Federal Reserve officials are expected to emphasize on Wednesday that their coming steps to slow economic support are based on more than just inflation worries: The job market has also staged a surprisingly rapid comeback.
The Fed is set to release its January monetary policy decision at 2 p.m., and some economists expect officials to say that the labor market is at or near the central bank’s full employment goal — setting the stage for upcoming rate increases. The Fed is supposed to aim for both maximum employment and stable prices, and investors expect the central bank to lift borrowing costs from near-zero in March as the economy heals and as policymakers try to put a lid on rising costs.
“We expect the committee to conclude that the economy is at full employment and that it will ‘soon’ be appropriate raise the policy rate,” economists at Barclays wrote in a research note previewing the meeting.
Here are the labor market data points that central bankers have had in their sights — and where they stand compared with before the pandemic.
Unemployment is closing in on its prepandemic levels. The jobless rate, which measures people who are out of work but actively applying to jobs, declined to 3.9 percent in December — not far away from its 3.5 percent level before the pandemic. The rate jumped as high as 14.7 percent at the start of the pandemic, and its rapid descent has come as a big surprise to most economists.
Employment levels for people in their peak working years — 25 to 54 — has also been staging a rebound. About 79 percent of people in that age group work, down from 80.5 percent before the pandemic started.
Still, that remaining shortfall comes as about 1.6 million fewer adults in their prime employment years are working compared with February 2020. Health and child-care concerns could be keeping some people from looking for jobs. A large number of workers older than 55 are also missing, but it’s less clear if they will return or if they’ve retired.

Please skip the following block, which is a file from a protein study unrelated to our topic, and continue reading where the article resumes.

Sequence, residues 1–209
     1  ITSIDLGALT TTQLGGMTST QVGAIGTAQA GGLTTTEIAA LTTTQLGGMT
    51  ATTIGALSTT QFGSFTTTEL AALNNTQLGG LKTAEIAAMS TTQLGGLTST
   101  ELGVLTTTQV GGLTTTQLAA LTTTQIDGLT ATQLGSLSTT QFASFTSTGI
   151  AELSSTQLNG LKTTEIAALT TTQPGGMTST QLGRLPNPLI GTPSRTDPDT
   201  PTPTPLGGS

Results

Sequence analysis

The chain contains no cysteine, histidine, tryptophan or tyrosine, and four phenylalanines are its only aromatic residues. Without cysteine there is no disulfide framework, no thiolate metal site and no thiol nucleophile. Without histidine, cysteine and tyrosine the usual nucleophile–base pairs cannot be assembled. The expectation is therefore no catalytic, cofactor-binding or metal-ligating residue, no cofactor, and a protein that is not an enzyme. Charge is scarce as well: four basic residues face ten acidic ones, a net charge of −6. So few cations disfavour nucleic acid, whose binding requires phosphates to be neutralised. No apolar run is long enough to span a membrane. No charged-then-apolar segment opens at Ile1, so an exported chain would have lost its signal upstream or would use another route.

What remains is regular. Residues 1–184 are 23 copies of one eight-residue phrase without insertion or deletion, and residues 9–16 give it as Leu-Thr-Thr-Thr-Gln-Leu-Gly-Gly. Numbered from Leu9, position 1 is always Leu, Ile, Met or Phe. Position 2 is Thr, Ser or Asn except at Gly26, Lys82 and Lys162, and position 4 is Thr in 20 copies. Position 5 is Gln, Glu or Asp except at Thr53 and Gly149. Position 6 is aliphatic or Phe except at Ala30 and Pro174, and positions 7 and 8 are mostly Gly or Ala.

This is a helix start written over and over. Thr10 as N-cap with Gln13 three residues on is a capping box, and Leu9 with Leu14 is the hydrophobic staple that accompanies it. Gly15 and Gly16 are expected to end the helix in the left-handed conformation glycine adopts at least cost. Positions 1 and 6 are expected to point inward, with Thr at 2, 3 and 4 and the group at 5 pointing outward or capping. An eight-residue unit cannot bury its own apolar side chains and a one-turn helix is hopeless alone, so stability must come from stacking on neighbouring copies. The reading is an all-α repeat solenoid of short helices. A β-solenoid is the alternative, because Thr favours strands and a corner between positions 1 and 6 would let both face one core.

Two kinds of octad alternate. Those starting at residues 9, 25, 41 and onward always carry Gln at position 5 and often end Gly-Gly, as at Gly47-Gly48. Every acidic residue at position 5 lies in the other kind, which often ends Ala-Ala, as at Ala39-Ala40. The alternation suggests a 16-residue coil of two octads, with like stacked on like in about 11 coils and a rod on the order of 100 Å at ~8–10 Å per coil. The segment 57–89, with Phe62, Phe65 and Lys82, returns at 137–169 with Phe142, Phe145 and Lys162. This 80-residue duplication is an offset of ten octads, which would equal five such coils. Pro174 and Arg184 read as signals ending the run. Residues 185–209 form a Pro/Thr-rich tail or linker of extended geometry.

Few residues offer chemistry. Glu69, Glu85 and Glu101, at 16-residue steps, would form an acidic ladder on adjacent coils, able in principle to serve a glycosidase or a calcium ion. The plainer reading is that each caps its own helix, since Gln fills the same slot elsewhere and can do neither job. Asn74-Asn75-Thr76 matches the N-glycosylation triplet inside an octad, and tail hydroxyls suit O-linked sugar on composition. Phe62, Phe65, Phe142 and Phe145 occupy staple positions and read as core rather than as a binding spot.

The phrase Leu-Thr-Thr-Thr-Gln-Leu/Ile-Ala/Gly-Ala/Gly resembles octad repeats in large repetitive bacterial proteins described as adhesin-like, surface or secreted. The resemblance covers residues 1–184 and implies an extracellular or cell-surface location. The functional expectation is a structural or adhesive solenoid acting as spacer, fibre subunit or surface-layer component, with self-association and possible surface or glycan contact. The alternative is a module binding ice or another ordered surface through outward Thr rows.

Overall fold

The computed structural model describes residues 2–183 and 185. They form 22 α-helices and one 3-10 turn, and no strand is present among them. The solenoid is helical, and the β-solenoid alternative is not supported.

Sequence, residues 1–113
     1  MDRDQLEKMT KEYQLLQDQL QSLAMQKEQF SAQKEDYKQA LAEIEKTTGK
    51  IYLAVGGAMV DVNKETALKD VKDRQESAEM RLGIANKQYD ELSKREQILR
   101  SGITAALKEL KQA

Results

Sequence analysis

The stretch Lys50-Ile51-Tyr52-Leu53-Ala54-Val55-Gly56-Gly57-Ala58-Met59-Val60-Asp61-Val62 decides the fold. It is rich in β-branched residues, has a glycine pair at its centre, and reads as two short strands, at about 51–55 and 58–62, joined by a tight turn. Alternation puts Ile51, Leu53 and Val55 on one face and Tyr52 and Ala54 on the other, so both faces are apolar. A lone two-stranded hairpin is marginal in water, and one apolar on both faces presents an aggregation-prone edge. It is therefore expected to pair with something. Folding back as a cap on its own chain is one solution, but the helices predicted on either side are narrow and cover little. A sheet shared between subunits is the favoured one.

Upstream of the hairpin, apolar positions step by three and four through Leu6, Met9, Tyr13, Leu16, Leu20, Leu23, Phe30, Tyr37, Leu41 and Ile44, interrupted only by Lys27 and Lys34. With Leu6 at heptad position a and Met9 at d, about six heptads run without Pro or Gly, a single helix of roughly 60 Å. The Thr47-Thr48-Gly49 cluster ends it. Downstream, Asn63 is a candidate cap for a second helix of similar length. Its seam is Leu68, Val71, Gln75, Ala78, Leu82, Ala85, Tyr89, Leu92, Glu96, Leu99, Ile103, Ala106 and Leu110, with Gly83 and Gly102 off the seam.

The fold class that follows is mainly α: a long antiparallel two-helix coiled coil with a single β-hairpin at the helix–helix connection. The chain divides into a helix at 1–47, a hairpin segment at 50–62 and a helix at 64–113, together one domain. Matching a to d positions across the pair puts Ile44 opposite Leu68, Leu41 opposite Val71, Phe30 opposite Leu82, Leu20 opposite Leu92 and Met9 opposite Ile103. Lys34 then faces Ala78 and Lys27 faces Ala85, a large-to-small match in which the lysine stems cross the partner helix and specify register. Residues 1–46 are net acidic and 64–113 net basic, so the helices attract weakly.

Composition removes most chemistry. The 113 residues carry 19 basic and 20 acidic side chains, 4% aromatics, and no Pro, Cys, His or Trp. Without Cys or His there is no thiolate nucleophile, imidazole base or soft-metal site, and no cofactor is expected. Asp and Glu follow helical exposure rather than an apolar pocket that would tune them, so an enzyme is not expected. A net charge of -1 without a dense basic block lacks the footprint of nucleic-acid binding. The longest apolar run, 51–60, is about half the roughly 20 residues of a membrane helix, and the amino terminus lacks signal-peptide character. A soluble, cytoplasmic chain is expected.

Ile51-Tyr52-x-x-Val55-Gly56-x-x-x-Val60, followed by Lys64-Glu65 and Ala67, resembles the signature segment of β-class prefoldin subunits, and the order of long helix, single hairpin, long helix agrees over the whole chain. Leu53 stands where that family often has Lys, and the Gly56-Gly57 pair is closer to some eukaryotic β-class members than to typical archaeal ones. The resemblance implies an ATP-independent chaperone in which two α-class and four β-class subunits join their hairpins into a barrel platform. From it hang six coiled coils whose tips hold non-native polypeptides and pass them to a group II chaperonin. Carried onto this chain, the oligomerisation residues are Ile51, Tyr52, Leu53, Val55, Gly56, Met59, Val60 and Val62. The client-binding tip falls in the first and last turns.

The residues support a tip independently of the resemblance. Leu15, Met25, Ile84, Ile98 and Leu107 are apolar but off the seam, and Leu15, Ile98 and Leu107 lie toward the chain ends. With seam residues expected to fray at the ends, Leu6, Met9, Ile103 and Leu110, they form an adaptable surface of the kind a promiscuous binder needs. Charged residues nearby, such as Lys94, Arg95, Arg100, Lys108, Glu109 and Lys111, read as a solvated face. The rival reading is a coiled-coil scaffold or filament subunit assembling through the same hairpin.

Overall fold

Job openings and resignations remain way up, a sign that labor is in high demand as the supply of workers remains limited. The quit rate — which measures the number of people leaving jobs as a share of those employed — stood at a record-high 3 percent in November.
Wages are also rising briskly, another sign that employers want to find and retain workers. The Employment Cost Index, a measure of wages, salaries and benefits that the Fed watches closely, rose sharply in the third quarter and is expected to show another robust gain when it is released on Friday. Average hourly earnings are also growing quickly, though they are struggling to keep up with inflation for most people.
Inflation will also be in focus. Jerome H. Powell, the Fed chair, is likely to talk about how the strong labor market might interact with inflation this year. Wage growth never really boosted inflation in a big way during the prepandemic business cycle, but prices are now rising quickly in some labor-intensive sectors, including restaurants and personal care services. Companies regularly talk about passing higher labor costs onto consumers.
“Wage rates have increased meaningfully, and in percentage terms we’ve experienced double-digit wage rate increases as we have raised wages to attract and retain sufficient staff to operate our restaurants at near-normal operating hours,” Ryan M. Zink, the chief executive at the fast food chain Good Times Restaurants, said during an earnings call last month. “We’ve made pricing adjustments and productivity improvements to mitigate some of the labor cost inflation.”